Picking up where we left off yesterday ... During the first five months of 1987, Burbank city officials worked toward an agreement with Disney to build a theme-park-slash-shopping-center in their downtown district. At issue was the money: Disney wanted to buy the land for next to nothing. Disney also wanted the city to pay for a parking structure large enough to hold 3,500 cars.On April 24th, the Mayor of Burbank Michael Hastings was invited to the Walt Disney Imagineering complex in Glendale to view tentative plans for the park. “Every little bit of wall space in that room was taken up with drawings, sketches and ideas,” he remembers. The drawings featured elaborate buildings, ornate street environments and even a Ferris wheel. “My first reaction was ‘I wonder where our stuff is, because this looks so tremendous, it can’t be for us.’ Then I began looking closer at the walls, and I saw the map of our property on the wall beside all these ideas.”But his initial reaction wasn’t one of awe. Rather, it was one of being overwhelmed. As he left the Imagineering complex, the elaborate plans caused him to have second thoughts about a Disney park in Burbank. Did the city really want a permanent carnival set up downtown?Mayor Hastings took his doubts back to the city council, where he found that others shared his concerns. More than one council member wondered if a formal agreement with Disney would be in the best interest of the city. Some wanted to approach other interested parties about developing a traditional mall project on the land, while others thought it might be in the city’s best interest to sell the property for more money than Disney was willing to pay.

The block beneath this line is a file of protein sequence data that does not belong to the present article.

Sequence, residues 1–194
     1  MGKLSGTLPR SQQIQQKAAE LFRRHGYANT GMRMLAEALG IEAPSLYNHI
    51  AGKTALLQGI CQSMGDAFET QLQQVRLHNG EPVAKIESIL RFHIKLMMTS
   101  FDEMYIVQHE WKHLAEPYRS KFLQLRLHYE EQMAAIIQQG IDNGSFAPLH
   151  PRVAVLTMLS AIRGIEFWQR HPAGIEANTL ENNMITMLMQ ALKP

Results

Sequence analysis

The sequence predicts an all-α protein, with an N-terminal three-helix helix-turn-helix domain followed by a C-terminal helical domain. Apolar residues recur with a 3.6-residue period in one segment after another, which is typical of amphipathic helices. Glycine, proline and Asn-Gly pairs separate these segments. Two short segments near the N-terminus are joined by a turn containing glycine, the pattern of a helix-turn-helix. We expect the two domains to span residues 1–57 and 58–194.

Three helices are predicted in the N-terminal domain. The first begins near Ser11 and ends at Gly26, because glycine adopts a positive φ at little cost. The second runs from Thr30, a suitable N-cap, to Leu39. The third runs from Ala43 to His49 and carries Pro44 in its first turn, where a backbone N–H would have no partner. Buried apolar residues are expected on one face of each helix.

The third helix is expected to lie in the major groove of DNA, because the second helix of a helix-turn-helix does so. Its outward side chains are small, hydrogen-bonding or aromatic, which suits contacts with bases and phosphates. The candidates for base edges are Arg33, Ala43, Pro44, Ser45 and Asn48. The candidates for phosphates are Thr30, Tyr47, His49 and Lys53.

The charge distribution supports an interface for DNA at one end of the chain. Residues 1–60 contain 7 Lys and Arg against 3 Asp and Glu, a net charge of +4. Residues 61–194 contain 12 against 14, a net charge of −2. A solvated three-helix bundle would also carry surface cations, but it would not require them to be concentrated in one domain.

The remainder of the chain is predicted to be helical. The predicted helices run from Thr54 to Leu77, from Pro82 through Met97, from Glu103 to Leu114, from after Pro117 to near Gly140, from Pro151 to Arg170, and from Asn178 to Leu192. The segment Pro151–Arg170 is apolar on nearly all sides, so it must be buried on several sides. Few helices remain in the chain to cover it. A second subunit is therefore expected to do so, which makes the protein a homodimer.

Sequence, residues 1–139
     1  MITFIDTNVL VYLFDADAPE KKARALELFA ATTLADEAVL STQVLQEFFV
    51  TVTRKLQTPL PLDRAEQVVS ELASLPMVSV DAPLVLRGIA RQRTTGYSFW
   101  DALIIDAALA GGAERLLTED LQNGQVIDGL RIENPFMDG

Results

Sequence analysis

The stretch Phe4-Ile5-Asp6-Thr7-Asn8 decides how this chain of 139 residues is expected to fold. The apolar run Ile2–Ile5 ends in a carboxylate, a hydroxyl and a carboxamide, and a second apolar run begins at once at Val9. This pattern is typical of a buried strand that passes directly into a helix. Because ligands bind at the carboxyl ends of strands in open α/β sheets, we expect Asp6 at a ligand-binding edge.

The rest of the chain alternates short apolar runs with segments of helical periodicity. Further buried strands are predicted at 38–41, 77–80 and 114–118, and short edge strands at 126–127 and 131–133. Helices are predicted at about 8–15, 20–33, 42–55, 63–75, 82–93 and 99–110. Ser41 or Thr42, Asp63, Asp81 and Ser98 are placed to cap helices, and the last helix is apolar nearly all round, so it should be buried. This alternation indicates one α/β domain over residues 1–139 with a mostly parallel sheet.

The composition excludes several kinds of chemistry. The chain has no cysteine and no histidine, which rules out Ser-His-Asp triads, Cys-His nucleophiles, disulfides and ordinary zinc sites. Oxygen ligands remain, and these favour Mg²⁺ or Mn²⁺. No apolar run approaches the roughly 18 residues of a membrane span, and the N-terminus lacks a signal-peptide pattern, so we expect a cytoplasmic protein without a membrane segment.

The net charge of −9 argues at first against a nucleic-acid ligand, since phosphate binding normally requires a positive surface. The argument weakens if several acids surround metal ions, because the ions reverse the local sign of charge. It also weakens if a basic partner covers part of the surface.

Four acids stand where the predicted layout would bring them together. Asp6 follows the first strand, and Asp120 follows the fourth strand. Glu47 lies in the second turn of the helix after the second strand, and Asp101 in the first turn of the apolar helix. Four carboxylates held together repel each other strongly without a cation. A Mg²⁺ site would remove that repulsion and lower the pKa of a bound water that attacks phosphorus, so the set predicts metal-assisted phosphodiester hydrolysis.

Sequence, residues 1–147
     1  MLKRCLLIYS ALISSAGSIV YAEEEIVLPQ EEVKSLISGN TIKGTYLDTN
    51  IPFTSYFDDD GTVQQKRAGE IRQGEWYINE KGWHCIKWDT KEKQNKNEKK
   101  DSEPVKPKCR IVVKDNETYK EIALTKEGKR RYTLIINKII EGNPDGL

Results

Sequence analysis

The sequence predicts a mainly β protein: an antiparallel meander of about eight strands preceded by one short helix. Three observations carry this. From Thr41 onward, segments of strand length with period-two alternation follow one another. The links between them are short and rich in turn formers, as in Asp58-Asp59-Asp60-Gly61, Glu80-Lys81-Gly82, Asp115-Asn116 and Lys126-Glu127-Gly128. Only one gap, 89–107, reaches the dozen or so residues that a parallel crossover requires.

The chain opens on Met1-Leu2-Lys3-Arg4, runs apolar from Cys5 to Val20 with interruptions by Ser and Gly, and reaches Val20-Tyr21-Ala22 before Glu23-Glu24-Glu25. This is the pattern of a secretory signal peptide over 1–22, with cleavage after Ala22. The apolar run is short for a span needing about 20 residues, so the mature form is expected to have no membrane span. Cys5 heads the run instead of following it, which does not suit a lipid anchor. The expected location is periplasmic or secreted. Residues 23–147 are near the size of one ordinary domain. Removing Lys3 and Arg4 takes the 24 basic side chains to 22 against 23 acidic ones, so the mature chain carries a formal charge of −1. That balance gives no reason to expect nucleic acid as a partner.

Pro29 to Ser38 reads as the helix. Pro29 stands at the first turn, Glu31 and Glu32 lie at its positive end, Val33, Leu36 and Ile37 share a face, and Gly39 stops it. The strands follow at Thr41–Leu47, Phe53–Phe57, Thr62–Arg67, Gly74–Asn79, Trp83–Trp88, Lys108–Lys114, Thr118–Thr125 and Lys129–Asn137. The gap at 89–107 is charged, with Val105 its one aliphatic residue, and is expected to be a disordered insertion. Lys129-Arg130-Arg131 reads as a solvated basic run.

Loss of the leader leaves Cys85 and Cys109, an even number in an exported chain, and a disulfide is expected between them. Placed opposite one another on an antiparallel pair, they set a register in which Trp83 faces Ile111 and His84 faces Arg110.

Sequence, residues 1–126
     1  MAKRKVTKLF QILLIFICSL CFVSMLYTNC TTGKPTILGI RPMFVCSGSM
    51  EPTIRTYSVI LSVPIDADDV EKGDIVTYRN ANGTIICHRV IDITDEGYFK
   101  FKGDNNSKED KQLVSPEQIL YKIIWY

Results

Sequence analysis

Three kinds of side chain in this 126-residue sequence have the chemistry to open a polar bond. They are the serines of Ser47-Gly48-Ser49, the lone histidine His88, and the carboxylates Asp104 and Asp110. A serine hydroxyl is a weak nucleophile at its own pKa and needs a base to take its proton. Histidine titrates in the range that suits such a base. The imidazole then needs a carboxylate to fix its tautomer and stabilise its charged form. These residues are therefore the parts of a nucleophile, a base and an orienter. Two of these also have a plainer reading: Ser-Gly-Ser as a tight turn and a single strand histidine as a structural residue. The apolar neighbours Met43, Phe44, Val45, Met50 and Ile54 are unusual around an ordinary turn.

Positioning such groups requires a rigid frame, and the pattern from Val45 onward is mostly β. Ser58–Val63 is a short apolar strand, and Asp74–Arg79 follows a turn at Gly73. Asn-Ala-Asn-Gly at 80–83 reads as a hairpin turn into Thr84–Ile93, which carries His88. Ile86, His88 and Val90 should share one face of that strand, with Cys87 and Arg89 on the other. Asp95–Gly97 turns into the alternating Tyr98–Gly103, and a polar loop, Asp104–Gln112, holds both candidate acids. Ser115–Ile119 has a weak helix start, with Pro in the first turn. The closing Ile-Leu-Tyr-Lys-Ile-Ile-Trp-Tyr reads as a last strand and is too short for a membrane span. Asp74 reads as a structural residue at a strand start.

Disney Vice President Gary Wilson